Corvallis was struck down because it only had the one college. And Eugene and Corvallis had not enough software jobs listed on monster.

And that left Portland and Pittsburgh. And about 10 other places that were either colder or more expensive or less attractive in some fashion.

Why Pittsburgh?

I've been there once. It was beautiful. And housing is definitely cheaper.

Cities Ranked and Rated Profile:
  • Economic turnaround
  • Arts and culture
  • Cost of living
  • Recent unemployment
  • Clouds and rain
  • Commute time

Personal Pro/Con's:
  • Not all that far away from Atlanta, Dallas, New Jersey
  • Eastern timezone
  • Carnegie-Mellon, University of Pittsburgh
  • Cheap housing, certainly cheaper than Druid Hills
  • Mount Lebanon school district, apparently one of the best in the country.
  • Good Air
  • Most Literate
  • Cultural Bargain
  • Actual Seasons
  • Lots of nearby drivable destinations
  • Bridges, tunnels, ridges, rivers and its just plain beautiful
  • Old buildings
  • Shady Side, Squirrel Hill - which on paper look a lot like Druid Hills
  • Snow, but not tons and tons of snow
  • Third Best City for Business - Fortune Magazine
  • Ranked #1 Most Liveable City by Places Rated Almanac in 1985; in the 2000 edition Pittsburgh ranked 12th.
  • Pittsburgh International Airport Ranks # 1 in the United States by Plog Research and #4 in the world by Conde Naste Traveler.
  • Fifth best city to raise a family - Reader's Digest Magazine
  • One of the 13 hottest high-tech centers in the United States.
  • BIKE Magazine ranks Pittsburgh 5th best place to live and ride.
  • Quite a bit colder with more snow than Bergen County, NJ.
  • Quite a bit colder than in Georgia
  • Apparent lack of good schooling at the Elementary and Middle School level in Pittsburgh proper
  • Good neighborhoods are right next to bad neighborhoods (and next to good and bad in perpetuity)
  • Lots of software jobs moved north of Allegheny County - Alpharetta, GA and Cranberry,PA could be sister cities
  • A bit hard to get through the Mount Washington ridge, with definite amounts of traffic.
  • Lots of the ridges don't have houses on them apparently because the ice would make access difficult.

Why Portland?

Portland on paper seems to be like living in Decatur, but on a grand scale. See also moving to portland

Cities Ranked and Rated Profile:
  • Attractive downtown
  • Arts and culture
  • Nearby recreation
  • Recent unemployment
  • Cost of living
  • Clouds and rain

Personal Pro/Con's:
  • Powell's City of Books
  • Only 60 miles from the beach
  • Only 50 miles from huge mountains (which you can see from the city).
  • Bicycling magazine’s No. 1 cycling city
  • New Urbanism, well-planned-city, often cited in similar places to Seaside, Florida. Urban Service Area
  • Oregon Museum of Science and Industry - a top 10 science museum
  • Mothering Magazine - Great Place to raise children
  • Most Literate
  • ranked highly by many national publications in their lists of “The Most Livable City”, “The Friendliest City”, and ” The Best City to Raise a Family.”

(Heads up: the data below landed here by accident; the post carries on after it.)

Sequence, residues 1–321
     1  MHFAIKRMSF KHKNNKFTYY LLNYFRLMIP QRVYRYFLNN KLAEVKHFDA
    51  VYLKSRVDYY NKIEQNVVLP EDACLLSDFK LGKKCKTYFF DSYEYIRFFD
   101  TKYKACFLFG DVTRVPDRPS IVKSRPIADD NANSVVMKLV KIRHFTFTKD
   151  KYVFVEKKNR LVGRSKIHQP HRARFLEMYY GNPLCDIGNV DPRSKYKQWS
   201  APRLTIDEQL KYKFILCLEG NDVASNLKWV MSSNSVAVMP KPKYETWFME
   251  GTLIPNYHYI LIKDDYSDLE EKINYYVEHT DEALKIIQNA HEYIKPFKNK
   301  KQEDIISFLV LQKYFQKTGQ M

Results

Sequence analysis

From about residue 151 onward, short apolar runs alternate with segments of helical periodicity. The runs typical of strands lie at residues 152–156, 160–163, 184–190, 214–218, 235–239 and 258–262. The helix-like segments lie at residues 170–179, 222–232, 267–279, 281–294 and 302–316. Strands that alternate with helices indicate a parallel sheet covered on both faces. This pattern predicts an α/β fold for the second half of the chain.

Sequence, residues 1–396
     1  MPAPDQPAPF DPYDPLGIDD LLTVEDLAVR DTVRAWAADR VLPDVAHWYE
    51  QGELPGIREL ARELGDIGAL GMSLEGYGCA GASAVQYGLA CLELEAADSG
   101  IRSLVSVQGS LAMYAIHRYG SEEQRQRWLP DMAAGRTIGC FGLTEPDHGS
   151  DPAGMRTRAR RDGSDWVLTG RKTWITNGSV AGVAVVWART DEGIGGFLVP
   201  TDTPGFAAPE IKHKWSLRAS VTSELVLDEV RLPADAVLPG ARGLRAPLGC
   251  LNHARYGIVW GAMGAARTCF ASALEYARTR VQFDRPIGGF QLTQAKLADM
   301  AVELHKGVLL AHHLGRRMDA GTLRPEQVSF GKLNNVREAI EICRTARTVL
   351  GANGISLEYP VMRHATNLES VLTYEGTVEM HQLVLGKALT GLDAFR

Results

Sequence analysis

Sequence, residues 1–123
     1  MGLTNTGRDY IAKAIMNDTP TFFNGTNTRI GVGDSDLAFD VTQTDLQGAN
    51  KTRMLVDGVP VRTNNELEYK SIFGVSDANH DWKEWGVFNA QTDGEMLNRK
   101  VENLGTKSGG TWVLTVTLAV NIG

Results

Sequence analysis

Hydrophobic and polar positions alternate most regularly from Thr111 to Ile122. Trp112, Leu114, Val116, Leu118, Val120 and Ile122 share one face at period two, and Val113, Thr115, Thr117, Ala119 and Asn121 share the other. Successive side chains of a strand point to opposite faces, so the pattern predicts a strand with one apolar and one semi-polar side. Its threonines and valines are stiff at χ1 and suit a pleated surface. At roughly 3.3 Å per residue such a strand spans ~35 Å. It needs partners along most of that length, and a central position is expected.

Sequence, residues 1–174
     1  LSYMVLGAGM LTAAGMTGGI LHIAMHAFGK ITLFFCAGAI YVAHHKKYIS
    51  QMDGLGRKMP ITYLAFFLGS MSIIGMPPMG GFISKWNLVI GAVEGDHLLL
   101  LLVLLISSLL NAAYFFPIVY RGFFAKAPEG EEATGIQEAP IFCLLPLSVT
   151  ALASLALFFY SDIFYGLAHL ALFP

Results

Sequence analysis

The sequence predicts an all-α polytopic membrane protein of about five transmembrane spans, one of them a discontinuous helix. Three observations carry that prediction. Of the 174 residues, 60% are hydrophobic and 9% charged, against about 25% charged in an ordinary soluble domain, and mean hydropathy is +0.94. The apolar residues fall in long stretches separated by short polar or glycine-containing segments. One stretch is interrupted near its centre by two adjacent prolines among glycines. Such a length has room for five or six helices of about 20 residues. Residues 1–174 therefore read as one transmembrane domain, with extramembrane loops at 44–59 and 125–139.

• 2nd Best City to Live Men's Journal
  • American Podiatric Medical Association ranked Portland #4 for walking out of 200 USA cities
  • Reader's Digest June 2005, Cleanest of the large cities
  • Far away
  • Rains a lot
  • Not anymore snow than Atlanta
  • Services rumored to be severely underfunded due to state taxation policies (rumor)
  • Job market may still be hurting pretty badly (rumor)
  • Schools not supposed to be all that good (rumor)

Why not ...

Remember of course that the selection process was arbitrary, but it was our process. and it is still in a state of flux - which is why we are taking trips to Portland and Pittsburgh and a side trip to Niagra Falls - and who knows where else...

Still plausible but less likely: Arbitrary
Ann Arbor, MICold
Boston, MAToo Expensive
Boulder, COArbitrary
Buffalo, NYCold
Eugene-Springfield, ORSoftware Jobs
Madison, WICold
Middlesex, NJArbitrary
Minneapolis, MNCold
Providence, RIArbitrary
Rochester, NYCold
Santa Barbara, CA

Very unlikely
Location Reason
Albany, NY
Atlanta, GARed State
Austin, TXRed State
Baltimore, MDCrime Rate, Urban Sprawl, Air Quality
Binghamton, NYIsolation, Climate, Quality of Life
Bloomington, INRed State
Champaign-Urbana, ILOnly one 4yr college
Charlottesville, VARed State
Chicago, ILHigh Violent Crime
Cleveland, OHRed State
Columbus, OHRed State
Concord, NHIsolation
Corvallis, OROnly one 4yr college
Des Moines, IARed State
Gainesville, FLRed State
Houston, TXRed State
Indianapolis, INRed State
Iowa City, IARed State
Knoxville, TNRed State
Lansing-East Lansing, MIClimate, Quality of Life
Nashville, TNRed State
Nassau-Suffix, NYSea Level
New Haven, CTCost of Living, Quality of Life
Los Angeles, CAAir Quality, High Violent Crime, Least Literate
New York, NYSprawl
Oakland, CACost of Living, Health, Transportation
Philadelphia, PABad Air
Raleigh-Durham, NCRed State
Roanoke, VARed State
Sacramento, CABad Air
Saint Louis, MORed State
Salt Lake City, UTRed State
San Diego, CACost of Living, Health
San Jose, CAJobs, Cost of Living, Health
Santa Cruz, CAJobs, Cost of Living, Health
Seattle, WASprawl
Springfield, MAViolent Crime
State College, PABad Air
Syracuse, NYClimate, Quality of Life
Trenton, NJBad Water
Tucson, AZRed State
Washington, DCSprawl
Wilmington-Newark, DEEducation, Quality of Life

Why not Canada?

On the surface Toronto and Vancouver both look pretty interesting. But if we have trouble with the distance to Portland and Seattle, and the climate of Pittsburgh - how could we possibly deal with moving further north and further away?

Perhaps after this move and after the kids get through high school, we'll feel differently. It would seem fairly easy to move from Portland to Vancouver or from Pittsburgh to Toronto...